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Intel impatient with memory chip output

Following deals with Samsung and Micron Technology, Intel offers to help fund Toshiba's production of the new memory chips it covets.

Brooke Crothers Former CNET contributor
Brooke Crothers writes about mobile computer systems, including laptops, tablets, smartphones: how they define the computing experience and the hardware that makes them tick. He has served as an editor at large at CNET News and a contributing reporter to The New York Times' Bits and Technology sections. His interest in things small began when living in Tokyo in a very small apartment for a very long time.
Brooke Crothers
3 min read
Intel has offered to provide Toshiba with funds to boost next generation memory chip production, further evidence that Intel and Rambus are struggling to get this new technology accepted by the beleaguered memory chip industry.

Intel is talking with Toshiba about an investment in that company to boost production of Direct Rambus DRAM memory chips, according to the Nihon Keizai Shimbun, a major Japanese business daily.

An Intel spokesperson would not comment, stating only that Intel enters into private discussions with many companies.

The Japanese report says large scale production of the new memory chips is delayed because some manufacturers are balking at the high cost of manufacturing and one analyst confirms this and adds that at least one manufacturer is balking at the licensing fees. This is all happening amid a depressed memory market and capital investment cutbacks industry wide.

"[One maker] is now negotiating for a lower licensing fee," said Ashok Kumar, an analyst with Piper Jaffray in Minneapolis.

"I think the expectations are that the takeoff of [Rambus] DRAM will be much, much slower than expected. Intel is hedging their bets...It makes sense from an economic standpoint since die [chip] cost is 30 percent more...and the higher licensing fee associated with it, on top of the higher manufacturing cost, is going to make the audience for the chip minimal [for now]," he added.

Other industry sources familiar with situation say that "because of the cyclical nature of the memory market, there might not be enough investment?[Intel] wants to ensure a good supply of high performance [Rambus] DRAM."

But others say that it is almost a certainty that the industry will eventually move to the Rambus architecture. "Certainly, 1999 is going to be a year requiring a lot of management," as Intel and the industry begin to move to the new architecture, "but Intel has made it very clear that they want to make it the main memory in PCs and will commit to it for the next five years," said Jim Handy, an analyst at market researcher Dataquest.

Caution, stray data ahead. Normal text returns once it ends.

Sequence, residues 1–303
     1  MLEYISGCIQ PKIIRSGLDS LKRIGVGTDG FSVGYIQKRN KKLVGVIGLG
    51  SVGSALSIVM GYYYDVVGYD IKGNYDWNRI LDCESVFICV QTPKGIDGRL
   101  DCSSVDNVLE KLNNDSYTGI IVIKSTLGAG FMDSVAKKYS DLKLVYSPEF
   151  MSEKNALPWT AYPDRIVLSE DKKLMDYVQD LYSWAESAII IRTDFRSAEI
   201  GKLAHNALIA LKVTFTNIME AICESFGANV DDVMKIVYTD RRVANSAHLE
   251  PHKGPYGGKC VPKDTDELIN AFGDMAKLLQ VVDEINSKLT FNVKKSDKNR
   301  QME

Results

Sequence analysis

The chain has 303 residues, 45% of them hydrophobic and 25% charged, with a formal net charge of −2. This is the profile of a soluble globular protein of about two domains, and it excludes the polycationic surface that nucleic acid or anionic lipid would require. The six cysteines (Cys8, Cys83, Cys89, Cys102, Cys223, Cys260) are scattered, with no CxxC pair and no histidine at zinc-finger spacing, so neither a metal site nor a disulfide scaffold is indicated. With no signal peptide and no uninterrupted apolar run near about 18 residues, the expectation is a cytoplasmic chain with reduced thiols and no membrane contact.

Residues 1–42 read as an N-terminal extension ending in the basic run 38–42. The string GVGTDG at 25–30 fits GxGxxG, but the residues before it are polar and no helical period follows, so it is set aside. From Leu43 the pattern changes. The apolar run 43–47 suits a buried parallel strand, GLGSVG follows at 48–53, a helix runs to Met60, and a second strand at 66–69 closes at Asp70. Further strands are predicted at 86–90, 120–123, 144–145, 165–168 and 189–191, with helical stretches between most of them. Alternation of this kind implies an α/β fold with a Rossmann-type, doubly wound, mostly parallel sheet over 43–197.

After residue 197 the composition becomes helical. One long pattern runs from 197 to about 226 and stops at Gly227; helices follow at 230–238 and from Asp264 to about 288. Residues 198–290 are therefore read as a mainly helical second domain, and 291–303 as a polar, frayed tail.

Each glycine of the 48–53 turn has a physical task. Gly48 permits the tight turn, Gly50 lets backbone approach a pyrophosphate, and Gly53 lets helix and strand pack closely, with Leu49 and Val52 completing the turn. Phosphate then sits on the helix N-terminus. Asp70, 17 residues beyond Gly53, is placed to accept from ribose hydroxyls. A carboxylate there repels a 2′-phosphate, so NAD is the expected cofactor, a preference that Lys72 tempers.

Memory manufacturers are seeking stability with new standard. [They] have been jerked around by new memory [standards] almost every year" for the last five years, he added.

Because Intel backs Rambus, it is aggressively supporting the technology already. Intel has invested in South Korean memory giant Samsung and Micron Technology in order to spur production of Rambus memory.

Handy says that Intel is essentially offering incentives to Toshiba and Samsung. "If they started mass production, they would receive rewards," he said.

The Rambus memory system helps to ameliorate the growing speed disparity between computer microprocessors and memory. As processors have gotten faster and more powerful, it's been harder and harder for a computer's memory to keep it supplied with the data it needs, so the CPU ends up doing the electronic equivalent of twiddling its thumbs.

Rambus has friends in high places
Rambus can transfer data at about twice the speed of today's high-speed memory called "SDRAM." While other companies have created high-speed memory designs, what sets Rambus apart is its friends. Intel has effectively designated Direct DRAM as heir-apparent to SDRAM. Similarly, Advanced Micro Devices, Compaq Computer, Dell Computer, and National Semiconductor's Cyrix arm have chosen Rambus as their memory standard for their future microprocessors.

Rambus royalties could be significant considering that the worldwide DRAM market was worth $15 billion in 1998.

Dataquest predicts that Rambus will have 10 percent or more of the market by the end of this year and expand to well over half the market by the end of 2002.

Intel's Camino chipset, due later this year, will enable computers to take advantage of memory built around Rambus' designs but Piper Jaffray's Kumar says Intel will support the current memory standard also.

PC makers have Rambus-based PCs slated for mid-year, say various sources. Despite these models, however, vendors won't push these extremely hard, said John Joseph, semiconductor analyst with NationsBanc Montgomery Securities. Instead, they will focus on their bread and butter PCs. As a result, a surplus may appear.

In a separate development, Hewlett-Packard (HP)and Rambus today announced that HP has licensed Rambus technology and "intends to offer Rambus memory subsystems to a variety of HP system divisions," according to a statement.